by Kara Glenwright, CalTrout Communications Associate
Mark Bransom is the CEO of the Klamath River Renewal Corporation.
By late fall of 2024, all four of the Klamath River dams are expected to be removed. In the meantime, there’s lots of work to prepare for dam removal and the massive impacts it will have.
“I believe that [through dam removal] we are making an effort to create conditions that allow both salmonids and human communities to regain a toehold in this amazing watershed,” Klamath River Renewal Corporation (KRRC) Chief Executive Officer Mark Bransom said. “We are making an effort to restore some balance by creating conditions that acknowledge the world we’re living in today is not likely to be the same world that we’re living in tomorrow.”
The Klamath River Renewal Corporation is the nonprofit corporation formed as an outcome of the amended Klamath Hydroelectric Settlement Agreement. The settlement agreement, amended in 2016, called for the formation of a dam removal entity that would be responsible for obtaining all necessary permits and completing legal, administrative, and technical work in anticipation of decommissioning the project, taking ownership of the project, and then decommissioning the project. CalTrout was deeply involved in the negotiations that led to this settlement, which turned the idea of dam removal into a fully funded project.
In the world of dam removal and environmental restoration projects, there is very little precedent for a settlement agreement that calls for the formation of a nonprofit corporation, Bransom acknowledged. However, the formation of KRRC created an entity with funding and the capacity to build a staff to pursue all necessary permits, relieving the states, Tribes, and conservation community of those responsibilities.
There are limitations to a nonprofit corporation’s abilities, and as such KRRC relies heavily on its partners to advocate through certain avenues to continue to move things along. “We’ve enjoyed this tremendous working relationship with the Settlement Agreement partners,” Bransom said. “I never miss an opportunity to say that the Renewal Corporation is standing on the shoulders of the Tribes, the conservation community, and all others who have been fighting the good fight for so long.”
KRRC and CalTrout enjoy a particularly good working relationship, Bransom added. CalTrout played a formative role among members of the conservation community leading up to the Settlement Agreement, and CalTrout continues to work closely with KRRC to advocate for the project and to leverage dam removal towards restoration work in tributaries including the Shasta and Scott rivers.
On November 17, 2022, the Federal Energy Regulatory Commission issued a surrender order, initiating the license transfer process to KRRC and the states of California and Oregon. KRRC and the states accepted the license transfer on December 1, 2022, and the three entities are now co-licensees. Bransom expects that construction projects will begin by late winter or early spring of 2023.
“We have about eight or nine months of enabling construction projects that need to be done to prepare us to draw down the reservoirs before we then remove the dams,” Bransom said. These projects include road and bridge improvements, relocation of a waterline, relocation of hatchery operations, dam modifications, and the planned removal of Copco #2 dam in July 2023. Bransom anticipates drawdown of the reservoirs to begin in early January 2024 and to wrap up around May 2024. Physical dam removal will immediately follow the drawdown.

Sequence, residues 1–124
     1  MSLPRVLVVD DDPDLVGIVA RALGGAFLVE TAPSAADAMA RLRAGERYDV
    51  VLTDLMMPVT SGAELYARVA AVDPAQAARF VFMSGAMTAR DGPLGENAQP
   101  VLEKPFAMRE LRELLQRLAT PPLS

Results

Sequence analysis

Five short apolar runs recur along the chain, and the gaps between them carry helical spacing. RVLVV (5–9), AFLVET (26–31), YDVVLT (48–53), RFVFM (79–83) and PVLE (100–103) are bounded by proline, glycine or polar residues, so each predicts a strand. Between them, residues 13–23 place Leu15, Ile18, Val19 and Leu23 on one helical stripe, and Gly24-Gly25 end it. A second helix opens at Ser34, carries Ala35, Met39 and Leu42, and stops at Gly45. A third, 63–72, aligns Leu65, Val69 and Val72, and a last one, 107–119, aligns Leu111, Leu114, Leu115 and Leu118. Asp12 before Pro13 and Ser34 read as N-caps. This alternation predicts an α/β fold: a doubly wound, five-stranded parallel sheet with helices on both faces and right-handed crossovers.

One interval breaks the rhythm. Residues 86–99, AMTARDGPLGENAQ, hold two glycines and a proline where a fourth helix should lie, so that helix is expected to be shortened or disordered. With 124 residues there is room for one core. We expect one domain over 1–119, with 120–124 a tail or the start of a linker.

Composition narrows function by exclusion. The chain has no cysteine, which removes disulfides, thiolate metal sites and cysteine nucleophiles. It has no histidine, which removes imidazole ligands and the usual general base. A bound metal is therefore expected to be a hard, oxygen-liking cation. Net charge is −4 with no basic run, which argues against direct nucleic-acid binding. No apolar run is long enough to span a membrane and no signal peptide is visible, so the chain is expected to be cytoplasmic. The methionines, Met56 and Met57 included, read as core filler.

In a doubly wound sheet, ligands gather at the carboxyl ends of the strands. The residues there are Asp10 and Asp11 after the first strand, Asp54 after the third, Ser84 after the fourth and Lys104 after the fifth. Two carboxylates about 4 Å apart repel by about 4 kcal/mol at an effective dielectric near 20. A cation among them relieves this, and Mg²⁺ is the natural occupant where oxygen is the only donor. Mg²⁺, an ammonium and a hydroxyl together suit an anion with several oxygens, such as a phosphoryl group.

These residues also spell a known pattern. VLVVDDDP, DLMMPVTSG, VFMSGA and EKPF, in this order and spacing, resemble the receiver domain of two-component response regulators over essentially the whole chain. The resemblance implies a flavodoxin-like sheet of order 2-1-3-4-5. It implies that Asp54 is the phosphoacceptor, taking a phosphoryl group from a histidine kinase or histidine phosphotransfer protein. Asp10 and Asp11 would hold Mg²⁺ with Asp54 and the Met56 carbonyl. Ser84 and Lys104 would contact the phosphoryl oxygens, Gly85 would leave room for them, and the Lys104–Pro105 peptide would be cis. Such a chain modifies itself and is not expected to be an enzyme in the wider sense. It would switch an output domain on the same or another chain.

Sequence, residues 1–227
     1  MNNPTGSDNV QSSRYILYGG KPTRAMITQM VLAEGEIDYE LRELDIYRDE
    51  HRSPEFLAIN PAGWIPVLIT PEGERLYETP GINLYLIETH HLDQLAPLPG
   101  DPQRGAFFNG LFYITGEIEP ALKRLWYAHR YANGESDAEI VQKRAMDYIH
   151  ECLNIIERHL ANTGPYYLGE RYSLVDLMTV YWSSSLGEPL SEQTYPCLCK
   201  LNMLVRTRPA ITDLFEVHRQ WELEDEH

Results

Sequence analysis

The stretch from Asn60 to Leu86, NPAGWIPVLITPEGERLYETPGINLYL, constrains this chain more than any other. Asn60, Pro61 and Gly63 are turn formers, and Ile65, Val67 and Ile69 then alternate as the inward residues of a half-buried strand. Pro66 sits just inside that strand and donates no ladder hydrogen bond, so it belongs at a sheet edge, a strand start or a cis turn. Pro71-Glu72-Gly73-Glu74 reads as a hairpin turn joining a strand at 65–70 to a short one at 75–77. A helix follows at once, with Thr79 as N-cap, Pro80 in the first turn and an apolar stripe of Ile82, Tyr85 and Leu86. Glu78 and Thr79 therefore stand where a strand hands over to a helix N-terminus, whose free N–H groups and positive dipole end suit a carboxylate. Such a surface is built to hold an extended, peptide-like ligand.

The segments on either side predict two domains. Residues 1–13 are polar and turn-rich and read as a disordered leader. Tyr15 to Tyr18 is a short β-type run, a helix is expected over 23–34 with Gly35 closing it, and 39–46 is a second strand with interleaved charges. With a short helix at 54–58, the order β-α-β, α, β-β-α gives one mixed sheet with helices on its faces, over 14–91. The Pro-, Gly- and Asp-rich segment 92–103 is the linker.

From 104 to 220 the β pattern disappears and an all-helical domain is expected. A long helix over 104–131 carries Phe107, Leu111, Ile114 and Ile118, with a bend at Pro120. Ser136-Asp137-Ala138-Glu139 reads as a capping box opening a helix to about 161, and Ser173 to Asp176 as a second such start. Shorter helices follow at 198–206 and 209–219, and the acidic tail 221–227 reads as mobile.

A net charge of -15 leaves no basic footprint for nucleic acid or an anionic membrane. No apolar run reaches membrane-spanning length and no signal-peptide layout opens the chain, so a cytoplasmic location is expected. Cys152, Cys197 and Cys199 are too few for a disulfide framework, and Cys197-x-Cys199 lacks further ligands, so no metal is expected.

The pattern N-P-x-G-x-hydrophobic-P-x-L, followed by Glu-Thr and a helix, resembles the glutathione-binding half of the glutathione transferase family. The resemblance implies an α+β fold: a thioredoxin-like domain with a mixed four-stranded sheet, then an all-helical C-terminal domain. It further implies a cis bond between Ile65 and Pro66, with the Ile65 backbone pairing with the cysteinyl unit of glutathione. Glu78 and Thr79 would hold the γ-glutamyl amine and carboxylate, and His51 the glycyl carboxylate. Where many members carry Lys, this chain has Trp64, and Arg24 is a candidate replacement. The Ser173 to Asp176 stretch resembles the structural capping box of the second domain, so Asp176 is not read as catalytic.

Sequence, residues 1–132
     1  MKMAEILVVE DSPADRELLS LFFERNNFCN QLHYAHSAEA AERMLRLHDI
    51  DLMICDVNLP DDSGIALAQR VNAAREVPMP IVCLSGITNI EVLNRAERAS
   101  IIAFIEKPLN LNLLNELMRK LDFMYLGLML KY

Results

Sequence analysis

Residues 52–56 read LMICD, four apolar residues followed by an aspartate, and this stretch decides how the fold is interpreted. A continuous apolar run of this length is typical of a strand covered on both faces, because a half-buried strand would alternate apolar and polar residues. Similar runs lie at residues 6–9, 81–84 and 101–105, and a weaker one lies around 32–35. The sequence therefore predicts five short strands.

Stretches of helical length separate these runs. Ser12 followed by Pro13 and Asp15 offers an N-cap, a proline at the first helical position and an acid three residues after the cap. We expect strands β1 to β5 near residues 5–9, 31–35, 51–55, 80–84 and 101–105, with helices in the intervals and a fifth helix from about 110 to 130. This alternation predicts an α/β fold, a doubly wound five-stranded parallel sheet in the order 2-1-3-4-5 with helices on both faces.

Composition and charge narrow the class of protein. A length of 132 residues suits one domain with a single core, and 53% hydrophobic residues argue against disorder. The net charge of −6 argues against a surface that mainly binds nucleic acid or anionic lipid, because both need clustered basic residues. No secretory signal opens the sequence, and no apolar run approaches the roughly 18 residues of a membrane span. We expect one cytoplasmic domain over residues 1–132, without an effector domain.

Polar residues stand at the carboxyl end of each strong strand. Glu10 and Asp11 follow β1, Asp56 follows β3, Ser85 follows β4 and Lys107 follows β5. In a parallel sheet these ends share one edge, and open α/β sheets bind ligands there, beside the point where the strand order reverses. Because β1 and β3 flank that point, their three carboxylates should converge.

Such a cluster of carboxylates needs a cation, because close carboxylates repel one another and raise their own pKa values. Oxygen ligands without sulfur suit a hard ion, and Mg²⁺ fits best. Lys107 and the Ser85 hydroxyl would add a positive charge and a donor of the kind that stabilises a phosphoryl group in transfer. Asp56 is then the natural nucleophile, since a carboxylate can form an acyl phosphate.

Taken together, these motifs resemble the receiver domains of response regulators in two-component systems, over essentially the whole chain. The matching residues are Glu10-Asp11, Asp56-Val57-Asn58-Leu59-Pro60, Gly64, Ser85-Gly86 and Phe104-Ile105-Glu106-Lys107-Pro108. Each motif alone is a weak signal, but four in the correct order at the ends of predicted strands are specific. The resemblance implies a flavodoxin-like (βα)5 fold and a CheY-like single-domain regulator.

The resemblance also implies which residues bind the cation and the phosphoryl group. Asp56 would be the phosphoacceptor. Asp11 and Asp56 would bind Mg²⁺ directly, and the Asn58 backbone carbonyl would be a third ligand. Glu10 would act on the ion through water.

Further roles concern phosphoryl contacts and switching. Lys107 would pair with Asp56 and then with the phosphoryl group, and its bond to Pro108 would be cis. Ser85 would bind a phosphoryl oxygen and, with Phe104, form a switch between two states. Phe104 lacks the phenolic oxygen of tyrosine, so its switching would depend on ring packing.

“By the late fall of 2024, we should have all of the dams removed and will have re-established a free-flowing condition in the mainstem through the entire hydroelectric reach,” Bransom said.
Towards the end of 2024, revegetation and restoration work will begin, extending into 2025 and beyond. Approximately 2,500 acres surrounding the river will receive some form of restoration work, primarily revegetation. Contractors have been busy collecting seeds and propagating thousands of plants in anticipation of the revegetation effort. For the restoration work, KRRC plans to take an adaptive management approach.
“We want to allow the river to reestablish itself and find its course over the period following dam removal,” Bransom said. As they watch the mainstem of the channel take shape, KRRC will determine what restoration or habitat improvement work, if any, might be beneficial. Throughout the process, KRRC will monitor sediment transport and deposition, specifically looking at critical tributaries to ensure their connectivity to the mainstem remains intact.
The dam removal project is important not only for the many fish and wildlife species that rely on a healthy Klamath River, but also for the many human communities that rely on a healthy river.
“At its very essence, this project is about salmon restoration. But more broadly, it’s a resiliency project. We are creating conditions that will restore balance and allow dependent communities of all kinds to better connect to the river. Cultural and social restoration is no more or less important than the other forms of resiliency building, restoration, and recovery that we are attempting here,” Bransom said. “I’m very optimistic that, with time, the dam removal and restoration work will lead to much improved conditions.”